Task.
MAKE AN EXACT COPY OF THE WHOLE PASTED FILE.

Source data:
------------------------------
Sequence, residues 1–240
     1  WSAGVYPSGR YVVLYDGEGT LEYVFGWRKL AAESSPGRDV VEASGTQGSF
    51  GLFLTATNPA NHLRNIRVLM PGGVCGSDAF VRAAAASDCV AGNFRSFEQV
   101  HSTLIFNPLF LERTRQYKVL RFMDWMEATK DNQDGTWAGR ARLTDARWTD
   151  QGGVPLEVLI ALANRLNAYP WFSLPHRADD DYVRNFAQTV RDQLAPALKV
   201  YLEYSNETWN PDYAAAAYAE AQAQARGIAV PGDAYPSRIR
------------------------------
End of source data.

Sequence, residues 1–240
     1  WSAGVYPSGR YVVLYDGEGT LEYVFGWRKL AAESSPGRDV VEASGTQGSF
    51  GLFLTATNPA NHLRNIRVLM PGGVCGSDAF VRAAAASDCV AGNFRSFEQV
   101  HSTLIFNPLF LERTRQYKVL RFMDWMEATK DNQDGTWAGR ARLTDARWTD
   151  QGGVPLEVLI ALANRLNAYP WFSLPHRADD DYVRNFAQTV RDQLAPALKV
   201  YLEYSNETWN PDYAAAAYAE AQAQARGIAV PGDAYPSRIR